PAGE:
It's stupid. These World Cup guys should come up with some scenario in which players can use their hands.

4. Amputees.

I don't expect to get much support from FIFA on my no-hands resolution. So here's the alternative. If hands are such a hindrance to this sport, then perhaps they should recruit players unencumbered by gangly limbs.

Amputees might even be at an advantage, since they would be incapable of incurring any sort of penalty involving the use of hands.

If there are not enough amputees to form an entire league, then each World Cup country should be required to have a certain number of them on the field at a given time. If you think this is an unreasonable idea, I have one response for you:

You know you would watch.

As such, I have achieved the goal of solving the unpopularity problem of soccer here in the United States.

Perhaps some of my more media-savvy friends can forward these suggestions along to someone at FIFA.

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8 Comments:

At 5:05 AM, Blogger SJPSandman said...

Until I covered it for the CN, I couldn't STAND soccer.

A-I always hated playing it as a kid because there was too much fucking running around

B-I always hated watching it because I didn't see the point of watching other people running around and only seeing someone put the ball in the net once a game, if I was lucky.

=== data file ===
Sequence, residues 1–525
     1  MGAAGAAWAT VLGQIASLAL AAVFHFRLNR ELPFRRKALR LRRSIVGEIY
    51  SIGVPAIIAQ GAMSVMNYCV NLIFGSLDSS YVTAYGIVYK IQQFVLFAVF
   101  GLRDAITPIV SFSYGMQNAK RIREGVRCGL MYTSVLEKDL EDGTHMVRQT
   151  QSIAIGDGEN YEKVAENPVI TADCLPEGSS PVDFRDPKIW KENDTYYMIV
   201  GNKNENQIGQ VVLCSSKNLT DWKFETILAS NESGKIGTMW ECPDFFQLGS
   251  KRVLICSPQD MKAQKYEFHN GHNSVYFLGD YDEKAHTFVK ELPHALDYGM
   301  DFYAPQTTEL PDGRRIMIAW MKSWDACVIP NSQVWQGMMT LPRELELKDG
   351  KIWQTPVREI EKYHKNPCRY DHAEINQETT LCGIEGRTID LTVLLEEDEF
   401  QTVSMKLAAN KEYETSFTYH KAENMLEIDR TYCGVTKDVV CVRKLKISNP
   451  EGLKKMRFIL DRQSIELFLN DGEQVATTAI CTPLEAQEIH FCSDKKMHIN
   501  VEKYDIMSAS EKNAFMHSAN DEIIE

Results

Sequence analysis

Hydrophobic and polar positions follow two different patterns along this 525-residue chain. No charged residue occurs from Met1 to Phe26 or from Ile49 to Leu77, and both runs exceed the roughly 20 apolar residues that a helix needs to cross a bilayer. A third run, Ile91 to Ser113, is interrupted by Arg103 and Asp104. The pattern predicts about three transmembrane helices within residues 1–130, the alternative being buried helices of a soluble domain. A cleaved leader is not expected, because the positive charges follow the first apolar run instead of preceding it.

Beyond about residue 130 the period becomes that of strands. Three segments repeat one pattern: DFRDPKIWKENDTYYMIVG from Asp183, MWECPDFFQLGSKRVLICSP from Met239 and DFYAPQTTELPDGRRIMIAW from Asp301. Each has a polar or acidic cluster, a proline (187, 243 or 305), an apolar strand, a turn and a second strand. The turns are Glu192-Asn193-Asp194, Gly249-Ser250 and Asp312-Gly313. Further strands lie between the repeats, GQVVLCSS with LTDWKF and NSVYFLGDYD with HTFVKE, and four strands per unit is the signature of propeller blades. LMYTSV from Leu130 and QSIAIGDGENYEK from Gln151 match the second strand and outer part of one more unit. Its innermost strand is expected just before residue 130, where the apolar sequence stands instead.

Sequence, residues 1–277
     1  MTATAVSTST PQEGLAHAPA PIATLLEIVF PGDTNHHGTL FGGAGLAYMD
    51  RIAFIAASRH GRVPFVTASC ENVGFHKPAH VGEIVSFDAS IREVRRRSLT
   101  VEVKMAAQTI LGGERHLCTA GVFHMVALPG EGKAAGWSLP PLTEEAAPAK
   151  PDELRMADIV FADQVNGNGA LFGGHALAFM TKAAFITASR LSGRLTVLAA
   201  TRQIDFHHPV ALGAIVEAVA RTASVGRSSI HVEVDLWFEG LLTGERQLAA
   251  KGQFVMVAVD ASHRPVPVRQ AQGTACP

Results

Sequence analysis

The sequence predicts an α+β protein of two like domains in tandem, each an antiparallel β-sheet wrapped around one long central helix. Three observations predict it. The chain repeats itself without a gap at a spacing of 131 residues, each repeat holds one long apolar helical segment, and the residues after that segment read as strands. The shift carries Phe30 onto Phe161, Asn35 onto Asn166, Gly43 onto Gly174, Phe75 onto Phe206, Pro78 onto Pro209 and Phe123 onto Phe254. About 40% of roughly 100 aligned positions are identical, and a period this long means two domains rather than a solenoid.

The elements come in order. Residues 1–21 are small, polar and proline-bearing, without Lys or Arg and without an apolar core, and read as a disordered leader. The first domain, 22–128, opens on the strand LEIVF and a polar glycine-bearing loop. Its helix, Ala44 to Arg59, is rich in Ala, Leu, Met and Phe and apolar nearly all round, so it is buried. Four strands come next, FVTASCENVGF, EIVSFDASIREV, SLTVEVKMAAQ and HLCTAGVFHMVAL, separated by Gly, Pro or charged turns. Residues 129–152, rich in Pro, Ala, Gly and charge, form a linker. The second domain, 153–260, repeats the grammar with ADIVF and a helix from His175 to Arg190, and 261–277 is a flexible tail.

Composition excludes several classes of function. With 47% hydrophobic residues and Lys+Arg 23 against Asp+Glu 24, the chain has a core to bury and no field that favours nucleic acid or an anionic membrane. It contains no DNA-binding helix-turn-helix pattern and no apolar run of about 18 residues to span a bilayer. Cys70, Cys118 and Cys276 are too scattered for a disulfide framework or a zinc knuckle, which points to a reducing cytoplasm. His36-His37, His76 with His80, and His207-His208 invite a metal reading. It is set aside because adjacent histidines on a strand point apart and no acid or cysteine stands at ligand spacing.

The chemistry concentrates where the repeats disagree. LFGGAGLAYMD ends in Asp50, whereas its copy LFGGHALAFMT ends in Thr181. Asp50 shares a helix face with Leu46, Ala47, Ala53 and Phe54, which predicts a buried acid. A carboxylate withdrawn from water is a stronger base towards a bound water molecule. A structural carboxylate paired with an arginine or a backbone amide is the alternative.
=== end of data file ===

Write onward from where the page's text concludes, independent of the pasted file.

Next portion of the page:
But when I began covering it, I gained an understanding of the game and realized there was more to it than whether or not anyone scored, and I actually enjoyed being on the beat.

And I was fired up about the World Cup, especially the US's chances, and I have watched pieces of quite a few games during the tourny.

That said, soccer still sucks!

 
At 2:59 PM, Blogger Local Shill said...

This comment has been removed by a blog administrator.

 
At 3:00 PM, Blogger todd a said...

Those Rutgers/St. John's matches were my only highlights of RU athletics. I don't think flying oranges during a 50+ point loss to the 'Cuse on the gridiron ranks as a top memory.

I did sit in a Vegas sportsbook at the Mandalay Bay and watched the entire Mexico/Argentina soccer tilt. Plenty of cats fired up.

"What are yoo doin' hyere?"
-- Pear shaped man

 
At 3:02 PM, Blogger Local Shill said...

"...not as a media member dealing with a certain cantankerous, pear-shaped publicist."


Another classic line from you Pete. That's what keeps me coming back for more!

 
At 9:35 PM, Blogger Joependleton said...

Cat, who's more overrated?

Reasso or Arena or Tom Hayes?

 
At 5:27 PM, Blogger Pete said...

The clear answer to that is Mr. Tom Hayes. No one did less with more.

At least Reasson was hooking up with student managers on the road.

At least Arena got an untalented team to the Cup, and they tied powerhouse Italy.

Local, that line was for you. Glad you enjoyed it.

 
At 8:20 PM, Blogger Joependleton said...

FYI: Hayes in the LAX Hall of Fame.

 
At 7:52 AM, Blogger Dan said...

About a decade ago, a certain mustached writer from the HNT insisted that soccer would soon experience skyrocketing popularity due to the high level of child participation.

I'm still waiting.

I think the lack of interest comes down to this: "Good balls" are not exciting.